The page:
By user109460


2015-02-14 10:04:22 8 Comments

I did a google search for 'come around to you' , 'come around to yours', 'come around to your place'. The results do not seem satisfactory. Do you say 'come around to you (me)'? Is this phrasing correct?

The phrasing 'come around to your place' sounds somewhat unnarural or very formal. I can't imagine that someone could say something like that in infomal conversation.

Some examples:

I remember your invitation last week. I'll come around to yours for supper today.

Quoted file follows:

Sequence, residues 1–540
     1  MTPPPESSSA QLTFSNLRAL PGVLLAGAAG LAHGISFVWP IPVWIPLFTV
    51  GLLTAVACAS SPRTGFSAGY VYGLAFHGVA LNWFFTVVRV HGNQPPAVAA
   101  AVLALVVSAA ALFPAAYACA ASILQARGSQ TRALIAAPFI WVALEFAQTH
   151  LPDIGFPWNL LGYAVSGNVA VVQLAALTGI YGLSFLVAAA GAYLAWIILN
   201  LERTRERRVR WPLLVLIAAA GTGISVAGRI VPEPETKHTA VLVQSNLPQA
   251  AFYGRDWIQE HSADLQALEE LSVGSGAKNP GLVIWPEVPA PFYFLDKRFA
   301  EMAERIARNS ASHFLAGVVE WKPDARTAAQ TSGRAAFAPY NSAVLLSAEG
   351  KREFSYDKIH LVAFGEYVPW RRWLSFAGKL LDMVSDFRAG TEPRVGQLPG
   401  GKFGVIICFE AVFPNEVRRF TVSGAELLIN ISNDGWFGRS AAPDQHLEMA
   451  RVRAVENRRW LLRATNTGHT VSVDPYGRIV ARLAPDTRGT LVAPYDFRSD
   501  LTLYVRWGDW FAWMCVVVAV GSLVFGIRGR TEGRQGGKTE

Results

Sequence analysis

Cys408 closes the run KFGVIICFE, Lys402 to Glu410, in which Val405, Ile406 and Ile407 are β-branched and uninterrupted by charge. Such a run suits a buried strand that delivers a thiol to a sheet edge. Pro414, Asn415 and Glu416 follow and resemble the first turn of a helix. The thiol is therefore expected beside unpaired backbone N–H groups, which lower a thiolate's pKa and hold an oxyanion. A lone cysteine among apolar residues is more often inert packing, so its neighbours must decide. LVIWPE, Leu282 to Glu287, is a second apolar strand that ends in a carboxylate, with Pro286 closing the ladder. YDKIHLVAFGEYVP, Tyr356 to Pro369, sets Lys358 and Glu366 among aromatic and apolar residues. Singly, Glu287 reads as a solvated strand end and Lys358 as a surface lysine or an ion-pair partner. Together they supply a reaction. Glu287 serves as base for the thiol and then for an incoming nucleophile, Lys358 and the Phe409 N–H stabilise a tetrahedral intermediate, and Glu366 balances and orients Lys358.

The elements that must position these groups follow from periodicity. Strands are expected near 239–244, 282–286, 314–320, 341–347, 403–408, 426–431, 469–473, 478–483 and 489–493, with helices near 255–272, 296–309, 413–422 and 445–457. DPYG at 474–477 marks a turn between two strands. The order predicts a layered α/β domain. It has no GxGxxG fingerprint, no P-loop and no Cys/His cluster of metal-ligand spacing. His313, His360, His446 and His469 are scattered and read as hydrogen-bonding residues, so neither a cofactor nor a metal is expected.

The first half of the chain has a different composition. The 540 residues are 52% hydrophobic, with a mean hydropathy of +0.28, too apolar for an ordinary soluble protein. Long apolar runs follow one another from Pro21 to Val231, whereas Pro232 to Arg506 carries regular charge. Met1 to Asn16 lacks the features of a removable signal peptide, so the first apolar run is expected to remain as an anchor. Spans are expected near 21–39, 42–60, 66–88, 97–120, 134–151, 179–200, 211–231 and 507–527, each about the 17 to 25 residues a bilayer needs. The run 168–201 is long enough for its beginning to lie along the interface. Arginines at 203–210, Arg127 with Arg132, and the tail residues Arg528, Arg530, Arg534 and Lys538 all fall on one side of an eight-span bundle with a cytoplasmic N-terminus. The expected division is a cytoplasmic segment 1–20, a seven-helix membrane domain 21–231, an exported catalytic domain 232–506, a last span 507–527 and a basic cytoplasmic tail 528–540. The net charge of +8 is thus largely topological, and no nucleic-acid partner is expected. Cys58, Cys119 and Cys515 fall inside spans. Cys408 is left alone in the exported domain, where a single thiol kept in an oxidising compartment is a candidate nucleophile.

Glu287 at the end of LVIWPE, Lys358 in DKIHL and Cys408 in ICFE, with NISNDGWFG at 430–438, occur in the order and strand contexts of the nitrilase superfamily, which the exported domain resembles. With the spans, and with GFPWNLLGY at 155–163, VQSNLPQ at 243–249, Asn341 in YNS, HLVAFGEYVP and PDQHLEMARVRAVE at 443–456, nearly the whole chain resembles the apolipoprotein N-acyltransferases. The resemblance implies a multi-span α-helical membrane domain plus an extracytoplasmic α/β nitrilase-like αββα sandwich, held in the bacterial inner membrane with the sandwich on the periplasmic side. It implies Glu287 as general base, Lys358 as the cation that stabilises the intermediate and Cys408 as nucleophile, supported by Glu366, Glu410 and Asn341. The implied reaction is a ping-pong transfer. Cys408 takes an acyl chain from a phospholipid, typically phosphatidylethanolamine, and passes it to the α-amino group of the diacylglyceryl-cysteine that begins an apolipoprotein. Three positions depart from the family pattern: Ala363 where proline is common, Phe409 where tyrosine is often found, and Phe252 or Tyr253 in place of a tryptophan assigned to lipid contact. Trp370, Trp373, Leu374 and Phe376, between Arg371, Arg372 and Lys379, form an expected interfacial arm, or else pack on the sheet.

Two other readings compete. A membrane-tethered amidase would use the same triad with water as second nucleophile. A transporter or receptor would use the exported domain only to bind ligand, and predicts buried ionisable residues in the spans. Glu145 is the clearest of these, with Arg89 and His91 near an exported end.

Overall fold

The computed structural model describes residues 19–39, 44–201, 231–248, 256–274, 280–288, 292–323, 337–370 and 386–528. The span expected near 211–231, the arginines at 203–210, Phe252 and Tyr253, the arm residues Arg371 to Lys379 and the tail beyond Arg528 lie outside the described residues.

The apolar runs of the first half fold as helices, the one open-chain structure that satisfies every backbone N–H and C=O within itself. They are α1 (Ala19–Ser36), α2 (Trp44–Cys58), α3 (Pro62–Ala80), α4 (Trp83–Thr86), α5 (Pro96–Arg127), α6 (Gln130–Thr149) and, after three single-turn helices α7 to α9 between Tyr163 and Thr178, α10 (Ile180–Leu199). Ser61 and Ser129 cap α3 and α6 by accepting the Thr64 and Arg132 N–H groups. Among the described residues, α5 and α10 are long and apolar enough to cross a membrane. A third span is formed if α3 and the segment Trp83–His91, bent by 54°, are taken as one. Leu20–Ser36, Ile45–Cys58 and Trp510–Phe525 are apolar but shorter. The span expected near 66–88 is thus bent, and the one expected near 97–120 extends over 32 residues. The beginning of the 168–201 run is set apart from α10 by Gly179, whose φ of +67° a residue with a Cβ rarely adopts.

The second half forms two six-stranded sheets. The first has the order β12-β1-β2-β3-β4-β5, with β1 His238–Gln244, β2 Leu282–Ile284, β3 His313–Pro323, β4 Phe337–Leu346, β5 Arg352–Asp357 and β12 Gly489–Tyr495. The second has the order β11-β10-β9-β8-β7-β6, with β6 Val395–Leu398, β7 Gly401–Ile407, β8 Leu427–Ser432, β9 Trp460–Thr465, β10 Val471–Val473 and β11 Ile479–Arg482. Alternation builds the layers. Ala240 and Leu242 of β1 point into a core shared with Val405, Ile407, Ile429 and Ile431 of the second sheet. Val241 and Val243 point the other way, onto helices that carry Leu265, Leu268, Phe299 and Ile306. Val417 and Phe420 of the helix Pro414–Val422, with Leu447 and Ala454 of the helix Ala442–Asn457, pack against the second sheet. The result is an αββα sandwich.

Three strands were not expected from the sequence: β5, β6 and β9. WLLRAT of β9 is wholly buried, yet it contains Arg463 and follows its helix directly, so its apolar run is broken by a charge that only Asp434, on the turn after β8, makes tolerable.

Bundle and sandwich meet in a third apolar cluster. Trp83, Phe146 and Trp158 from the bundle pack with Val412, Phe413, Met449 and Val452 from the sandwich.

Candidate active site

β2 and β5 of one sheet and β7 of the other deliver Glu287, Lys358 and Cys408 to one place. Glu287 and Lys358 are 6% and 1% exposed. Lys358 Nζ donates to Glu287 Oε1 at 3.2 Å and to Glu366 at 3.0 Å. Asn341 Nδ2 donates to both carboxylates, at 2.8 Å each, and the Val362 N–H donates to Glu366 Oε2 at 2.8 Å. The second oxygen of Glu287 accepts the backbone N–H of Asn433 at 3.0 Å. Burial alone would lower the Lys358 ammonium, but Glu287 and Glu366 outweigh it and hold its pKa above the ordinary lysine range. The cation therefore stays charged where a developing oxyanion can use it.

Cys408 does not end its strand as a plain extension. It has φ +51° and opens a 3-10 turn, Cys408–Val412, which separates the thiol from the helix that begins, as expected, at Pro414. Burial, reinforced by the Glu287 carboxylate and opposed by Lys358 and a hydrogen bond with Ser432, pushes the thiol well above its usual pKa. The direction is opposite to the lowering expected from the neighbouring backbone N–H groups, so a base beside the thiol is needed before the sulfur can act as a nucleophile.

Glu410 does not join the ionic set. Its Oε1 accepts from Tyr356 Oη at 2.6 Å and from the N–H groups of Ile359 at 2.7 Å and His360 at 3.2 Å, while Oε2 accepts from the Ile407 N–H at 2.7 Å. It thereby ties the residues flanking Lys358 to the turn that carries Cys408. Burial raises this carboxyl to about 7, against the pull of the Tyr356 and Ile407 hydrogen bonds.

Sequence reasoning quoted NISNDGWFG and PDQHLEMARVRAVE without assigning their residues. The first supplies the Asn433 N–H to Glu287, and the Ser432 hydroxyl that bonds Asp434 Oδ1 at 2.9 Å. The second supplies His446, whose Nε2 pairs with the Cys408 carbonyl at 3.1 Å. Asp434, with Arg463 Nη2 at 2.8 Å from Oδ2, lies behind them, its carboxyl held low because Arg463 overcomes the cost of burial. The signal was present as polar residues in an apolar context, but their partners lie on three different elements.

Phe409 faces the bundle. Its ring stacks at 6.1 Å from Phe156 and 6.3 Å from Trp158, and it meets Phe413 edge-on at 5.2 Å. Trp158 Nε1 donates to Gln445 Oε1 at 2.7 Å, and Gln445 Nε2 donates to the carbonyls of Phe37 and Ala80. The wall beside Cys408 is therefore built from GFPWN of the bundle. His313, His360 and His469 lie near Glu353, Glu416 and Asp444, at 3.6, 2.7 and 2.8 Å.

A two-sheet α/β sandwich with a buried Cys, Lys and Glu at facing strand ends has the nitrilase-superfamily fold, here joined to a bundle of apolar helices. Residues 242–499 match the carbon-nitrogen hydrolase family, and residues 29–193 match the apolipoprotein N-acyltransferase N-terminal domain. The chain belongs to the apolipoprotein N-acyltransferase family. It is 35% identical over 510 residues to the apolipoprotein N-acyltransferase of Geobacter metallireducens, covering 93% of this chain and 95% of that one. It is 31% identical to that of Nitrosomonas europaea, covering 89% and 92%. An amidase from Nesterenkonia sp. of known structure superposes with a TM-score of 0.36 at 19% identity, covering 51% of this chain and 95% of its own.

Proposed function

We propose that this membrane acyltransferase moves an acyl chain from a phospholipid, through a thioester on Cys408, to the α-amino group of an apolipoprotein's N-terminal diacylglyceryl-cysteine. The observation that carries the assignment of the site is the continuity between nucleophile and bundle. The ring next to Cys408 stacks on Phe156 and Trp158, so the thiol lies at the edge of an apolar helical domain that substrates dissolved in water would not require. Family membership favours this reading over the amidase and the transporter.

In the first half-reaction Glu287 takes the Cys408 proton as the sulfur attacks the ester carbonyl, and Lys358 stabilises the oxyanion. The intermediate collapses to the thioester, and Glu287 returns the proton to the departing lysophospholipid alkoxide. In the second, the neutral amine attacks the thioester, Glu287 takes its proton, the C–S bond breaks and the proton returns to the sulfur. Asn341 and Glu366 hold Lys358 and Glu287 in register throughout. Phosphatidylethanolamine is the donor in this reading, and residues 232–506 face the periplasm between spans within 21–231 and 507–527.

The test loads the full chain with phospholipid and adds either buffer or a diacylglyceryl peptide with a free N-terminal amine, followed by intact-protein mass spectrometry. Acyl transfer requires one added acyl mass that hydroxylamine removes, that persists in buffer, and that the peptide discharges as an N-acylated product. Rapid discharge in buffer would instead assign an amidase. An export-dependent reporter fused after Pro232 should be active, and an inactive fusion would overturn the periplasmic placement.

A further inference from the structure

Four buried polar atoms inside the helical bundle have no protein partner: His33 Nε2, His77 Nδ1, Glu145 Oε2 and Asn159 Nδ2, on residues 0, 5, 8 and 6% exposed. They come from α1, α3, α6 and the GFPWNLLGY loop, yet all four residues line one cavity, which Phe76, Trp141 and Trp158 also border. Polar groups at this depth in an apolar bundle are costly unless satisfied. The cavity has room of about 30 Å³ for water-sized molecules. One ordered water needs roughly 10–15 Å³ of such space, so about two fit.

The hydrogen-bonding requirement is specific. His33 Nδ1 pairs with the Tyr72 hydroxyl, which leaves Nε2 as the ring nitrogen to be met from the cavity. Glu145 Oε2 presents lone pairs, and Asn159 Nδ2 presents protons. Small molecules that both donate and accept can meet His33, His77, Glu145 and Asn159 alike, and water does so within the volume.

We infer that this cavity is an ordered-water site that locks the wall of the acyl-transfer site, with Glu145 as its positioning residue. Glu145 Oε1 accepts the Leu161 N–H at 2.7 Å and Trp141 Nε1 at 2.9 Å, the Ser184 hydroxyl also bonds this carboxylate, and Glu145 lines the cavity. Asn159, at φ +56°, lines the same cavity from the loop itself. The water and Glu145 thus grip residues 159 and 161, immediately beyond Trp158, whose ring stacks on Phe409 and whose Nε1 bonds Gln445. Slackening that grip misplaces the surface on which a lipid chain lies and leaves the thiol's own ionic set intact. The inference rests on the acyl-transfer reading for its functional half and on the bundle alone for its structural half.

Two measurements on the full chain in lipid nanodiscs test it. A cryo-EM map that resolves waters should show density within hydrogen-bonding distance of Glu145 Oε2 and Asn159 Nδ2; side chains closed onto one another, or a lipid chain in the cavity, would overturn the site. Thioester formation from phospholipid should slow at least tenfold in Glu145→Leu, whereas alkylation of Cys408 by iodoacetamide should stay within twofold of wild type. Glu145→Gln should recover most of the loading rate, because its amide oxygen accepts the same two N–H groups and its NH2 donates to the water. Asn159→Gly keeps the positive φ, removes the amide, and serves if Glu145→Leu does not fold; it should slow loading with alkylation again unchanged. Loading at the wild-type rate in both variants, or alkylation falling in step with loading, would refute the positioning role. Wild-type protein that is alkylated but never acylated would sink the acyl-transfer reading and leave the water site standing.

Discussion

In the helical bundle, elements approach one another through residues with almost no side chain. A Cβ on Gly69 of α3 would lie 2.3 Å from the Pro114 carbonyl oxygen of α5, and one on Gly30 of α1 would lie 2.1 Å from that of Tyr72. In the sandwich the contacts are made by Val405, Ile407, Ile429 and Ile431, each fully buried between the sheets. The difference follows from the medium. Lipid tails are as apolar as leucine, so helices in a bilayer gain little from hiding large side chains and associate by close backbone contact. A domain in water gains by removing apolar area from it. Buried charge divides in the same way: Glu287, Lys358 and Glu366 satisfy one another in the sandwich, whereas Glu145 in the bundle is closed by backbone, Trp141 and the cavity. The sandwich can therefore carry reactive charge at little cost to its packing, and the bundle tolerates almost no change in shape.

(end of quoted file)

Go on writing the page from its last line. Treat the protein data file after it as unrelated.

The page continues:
:

Longman dictinaries come around:to come to someone's home or the place where they work in order to visit them

1 comments

@James World 2015-02-19 01:23:20

In the U.K., I hear "Come round to my place." much more than "Come around...", but both are used.

Also used are: "Come round to mine", "I'm going round to the neighbour's." etc. "Come over" is also used as in: "Put the kettle on, I'm coming over to your place."

"Come around" appears more commonly with two other meanings:

  • To wake from unconsciousness.
  • To move from an opposing or undecided position to one of agreement. e.g. "Having been against the idea, John came around to Tim's point of view."

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